There is little doubt that GNU General Public License (GPL) is not only the most used but also the most controversial Free Software license. While it gives users the freedom to use and study programs, it does not give them freedom to do whatever they want with derivative works. In fact, GPL is incombatible with many Open Source licenses.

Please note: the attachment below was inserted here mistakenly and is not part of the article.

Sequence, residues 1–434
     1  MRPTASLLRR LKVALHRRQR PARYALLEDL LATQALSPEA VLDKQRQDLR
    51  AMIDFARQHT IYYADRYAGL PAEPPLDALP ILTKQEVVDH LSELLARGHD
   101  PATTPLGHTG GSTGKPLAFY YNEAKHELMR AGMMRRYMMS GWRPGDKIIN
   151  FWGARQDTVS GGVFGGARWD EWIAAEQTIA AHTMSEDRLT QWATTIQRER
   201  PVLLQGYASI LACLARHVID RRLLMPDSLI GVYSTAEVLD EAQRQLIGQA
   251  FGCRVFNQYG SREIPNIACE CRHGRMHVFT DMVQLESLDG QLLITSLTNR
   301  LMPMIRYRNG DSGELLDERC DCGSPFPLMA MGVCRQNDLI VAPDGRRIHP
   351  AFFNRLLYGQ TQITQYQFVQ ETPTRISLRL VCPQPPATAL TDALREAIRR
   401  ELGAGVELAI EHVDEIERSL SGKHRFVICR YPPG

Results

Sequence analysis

Now MySQL has published a solution to GPL-incompatibility problems. Basically they have added an exception saying that code under GPL can be combined with code under any other Open Source compliant license. Technically speaking, MySQL users have an option to choose either a “plain GPL” or the amended, more Open Source friendly, version. Free Software Foundation currently classifies Free Software licenses according to their GPL compatibility, which in my opinion just confuses people. MySQL’s new policy is an example of an attempt to make information, and software in particular, available to all with no artificial (whether they be commercial or ideological) constraints.